- The world is not destined for what Immanuel Kant called “perpetual peace”.
- We envisaged republics living in harmony with one another and not even needing standing armies to defend themselves.
- However, there are too many autocrats and nationalistic demagogues for that.
After a tumultuous year with multiple crises – from war to inflation and climate catastrophes – the world doesn’t have to descend into the dystopia of global chaos or a new Cold War between America and China, let alone a hot one. Another scenario is possible: a “polycentric order” with multiple centers of authority, where the United States is the leading power but not the hegemonic one.
Maintaining Global Order
To maintain order in the chaos, America will need to listen to allies, take account of other powers and avoid throwing its weight around. This will involve salvaging as much as possible of the multilateral system based on the United Nations while reinforcing it with coalitions such as the NATO defense alliance and the Group of Seven large industrialized countries. Indeed, the outlines of such an order may already be emerging out of the conflagration of economic, political and other shocks often labeled the polycrisis.
A polycentric order would be different from what is often called a “multipolar” system – a dog-eats-dog world where big powers have a license to dominate their neighbors. But it will be far from secure. So countries are spending more money on weapons: Japan, Germany and America are planning particularly big hikes in their defense budgets. However, the global economy will not split into two blocs and will still offer big opportunities for trade and investment – especially in arms, computer technology and the green transition.
Looking Beyond America
America and its rich allies in Europe and Asia broadly agree that Russia is a threat and China a challenge. But there are differences of emphasis. European countries, especially Germany, are more reluctant to break lucrative ties with China. The same is true of rich Asian countries such as Japan. There is even less consensus outside America’s core allies. India is buying discounted oil from Russia while it tries to cut its dependence on Moscow’s weaponry. Saudi Arabia has been coordinating the oil market with Russia and rolling out the red carpet to China, while snubbing the United States.
This is the reality of polycentrism. The United States is not nearly as powerful as it was. It accounted for 24% of global economic output last year, down from 39% in 1960. China has risen to 18% from 4% over the same period. America will only win over more friends if it respects their interests. That could be good for global peace. After all, unchallenged American power led to catastrophes such as the invasion of Iraq.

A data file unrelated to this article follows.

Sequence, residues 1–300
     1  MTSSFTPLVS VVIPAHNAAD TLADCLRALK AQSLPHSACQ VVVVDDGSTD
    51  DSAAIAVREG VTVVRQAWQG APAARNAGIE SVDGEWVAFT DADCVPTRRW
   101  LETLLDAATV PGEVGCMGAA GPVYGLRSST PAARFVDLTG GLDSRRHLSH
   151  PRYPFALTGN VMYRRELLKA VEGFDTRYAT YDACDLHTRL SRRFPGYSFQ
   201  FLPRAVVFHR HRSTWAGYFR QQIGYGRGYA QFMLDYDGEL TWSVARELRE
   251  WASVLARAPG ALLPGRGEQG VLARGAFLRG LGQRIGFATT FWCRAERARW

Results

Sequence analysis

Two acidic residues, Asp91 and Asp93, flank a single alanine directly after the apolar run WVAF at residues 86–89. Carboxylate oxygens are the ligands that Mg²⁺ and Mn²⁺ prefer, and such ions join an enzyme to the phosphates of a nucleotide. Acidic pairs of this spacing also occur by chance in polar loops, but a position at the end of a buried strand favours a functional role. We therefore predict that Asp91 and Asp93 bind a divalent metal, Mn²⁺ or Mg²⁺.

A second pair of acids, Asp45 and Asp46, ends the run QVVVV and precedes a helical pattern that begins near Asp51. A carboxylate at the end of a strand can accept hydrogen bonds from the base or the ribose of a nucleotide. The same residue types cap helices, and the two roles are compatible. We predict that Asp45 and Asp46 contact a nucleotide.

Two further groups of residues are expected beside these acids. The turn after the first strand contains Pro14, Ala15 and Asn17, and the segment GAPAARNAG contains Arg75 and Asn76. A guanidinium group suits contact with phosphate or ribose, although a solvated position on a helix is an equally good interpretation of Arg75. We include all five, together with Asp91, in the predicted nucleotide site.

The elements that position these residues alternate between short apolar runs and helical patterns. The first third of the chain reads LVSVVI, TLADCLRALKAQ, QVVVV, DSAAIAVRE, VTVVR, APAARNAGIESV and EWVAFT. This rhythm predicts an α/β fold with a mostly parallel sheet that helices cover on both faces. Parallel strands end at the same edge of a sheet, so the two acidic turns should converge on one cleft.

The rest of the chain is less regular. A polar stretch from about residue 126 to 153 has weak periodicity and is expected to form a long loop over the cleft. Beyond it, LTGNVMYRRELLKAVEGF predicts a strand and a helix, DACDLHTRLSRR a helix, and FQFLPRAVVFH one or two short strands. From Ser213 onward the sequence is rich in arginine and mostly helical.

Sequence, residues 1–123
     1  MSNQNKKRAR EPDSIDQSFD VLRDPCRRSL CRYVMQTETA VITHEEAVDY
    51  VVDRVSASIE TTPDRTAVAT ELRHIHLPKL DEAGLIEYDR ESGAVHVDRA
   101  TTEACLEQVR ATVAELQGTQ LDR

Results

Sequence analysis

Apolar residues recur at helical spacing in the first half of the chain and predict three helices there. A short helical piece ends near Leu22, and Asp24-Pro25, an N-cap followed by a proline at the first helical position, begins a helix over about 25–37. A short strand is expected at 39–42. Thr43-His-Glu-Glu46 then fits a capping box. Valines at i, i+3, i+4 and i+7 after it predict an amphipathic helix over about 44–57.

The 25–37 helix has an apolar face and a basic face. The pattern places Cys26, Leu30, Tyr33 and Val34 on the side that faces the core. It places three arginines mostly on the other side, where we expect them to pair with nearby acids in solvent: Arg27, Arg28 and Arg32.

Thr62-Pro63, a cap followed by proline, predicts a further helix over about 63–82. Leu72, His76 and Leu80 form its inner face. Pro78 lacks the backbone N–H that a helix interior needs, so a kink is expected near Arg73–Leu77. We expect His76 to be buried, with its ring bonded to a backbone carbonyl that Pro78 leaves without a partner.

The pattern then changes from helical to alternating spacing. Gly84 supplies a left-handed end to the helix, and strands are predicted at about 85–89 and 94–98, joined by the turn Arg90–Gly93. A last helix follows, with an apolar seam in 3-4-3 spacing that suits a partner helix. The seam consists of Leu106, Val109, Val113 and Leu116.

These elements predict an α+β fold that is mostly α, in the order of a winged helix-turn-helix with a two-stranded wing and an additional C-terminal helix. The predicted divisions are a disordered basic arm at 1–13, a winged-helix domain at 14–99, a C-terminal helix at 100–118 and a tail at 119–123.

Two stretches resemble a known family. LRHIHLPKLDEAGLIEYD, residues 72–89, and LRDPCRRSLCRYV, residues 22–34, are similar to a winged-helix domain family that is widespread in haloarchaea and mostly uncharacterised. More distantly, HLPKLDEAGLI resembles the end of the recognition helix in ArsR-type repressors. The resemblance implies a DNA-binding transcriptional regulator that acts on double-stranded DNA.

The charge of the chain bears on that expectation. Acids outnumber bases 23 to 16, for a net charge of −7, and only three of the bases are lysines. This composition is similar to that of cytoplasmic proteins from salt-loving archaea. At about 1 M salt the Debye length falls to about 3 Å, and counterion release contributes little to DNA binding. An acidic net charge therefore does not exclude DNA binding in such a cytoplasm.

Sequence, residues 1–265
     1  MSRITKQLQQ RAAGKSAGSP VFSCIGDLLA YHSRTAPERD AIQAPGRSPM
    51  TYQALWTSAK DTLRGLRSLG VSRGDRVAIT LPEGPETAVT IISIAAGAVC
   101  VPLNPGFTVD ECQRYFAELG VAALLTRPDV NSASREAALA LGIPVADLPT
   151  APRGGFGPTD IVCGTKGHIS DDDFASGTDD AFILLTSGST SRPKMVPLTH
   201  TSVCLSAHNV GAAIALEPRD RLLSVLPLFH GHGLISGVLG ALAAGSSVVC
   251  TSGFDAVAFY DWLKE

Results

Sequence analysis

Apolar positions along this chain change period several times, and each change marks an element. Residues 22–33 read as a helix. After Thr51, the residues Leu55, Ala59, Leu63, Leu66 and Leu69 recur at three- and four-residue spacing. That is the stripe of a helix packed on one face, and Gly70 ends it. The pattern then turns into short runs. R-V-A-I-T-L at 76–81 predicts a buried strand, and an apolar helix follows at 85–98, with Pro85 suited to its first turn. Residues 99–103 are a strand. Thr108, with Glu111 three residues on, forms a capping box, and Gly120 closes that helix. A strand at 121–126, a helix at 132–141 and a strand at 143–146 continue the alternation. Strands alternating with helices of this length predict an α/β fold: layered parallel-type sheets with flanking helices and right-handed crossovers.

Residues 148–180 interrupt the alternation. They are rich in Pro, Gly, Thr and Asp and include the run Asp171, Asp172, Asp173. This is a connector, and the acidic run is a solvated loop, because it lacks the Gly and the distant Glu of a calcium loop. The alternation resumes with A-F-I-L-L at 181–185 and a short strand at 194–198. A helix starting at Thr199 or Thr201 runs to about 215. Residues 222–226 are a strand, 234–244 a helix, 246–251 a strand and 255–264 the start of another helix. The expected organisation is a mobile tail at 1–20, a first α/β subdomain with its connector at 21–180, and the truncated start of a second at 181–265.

Another big break from the Trump era is Biden’s respect for the multilateral framework. Even though Russia’s veto has neutered the UN’s Security Council, the larger General Assembly has passed several resolutions condemning the invasion of Ukraine. Biden also brought America back into the Paris Agreement on climate change.
Supporting multilateralism makes sense, not least because America’s partners value international rule of law. But it would be naive to think that multilateralism can on its own solve the world’s biggest problems, given the tensions with China and Russia.America and its allies have therefore been buttressing the multilateral framework with a patchwork of alliances. Sweden and Finland are likely to join NATO, while the United States, Japan, India and Australia are collaborating more closely in the Quad partnership of Indo-Pacific nations.
The G7 has also launched an initiative to help developing countries go green fast. It has so far agreed partnerships with South Africa, Indonesia and Vietnam to help those countries transition from fossil fuels. In parallel, the United States is pushing “friendshoring”, an idea that countries should build up supply chains in friendly countries to avoid being too dependent on China.
Most of these initiatives are works in progress. But they offer the best chance of order in a troubled world. As Robin Niblett, former head of the Chatham House think tank says: “If you link polycentrism with polycrisis, you have everything poly-correct.”
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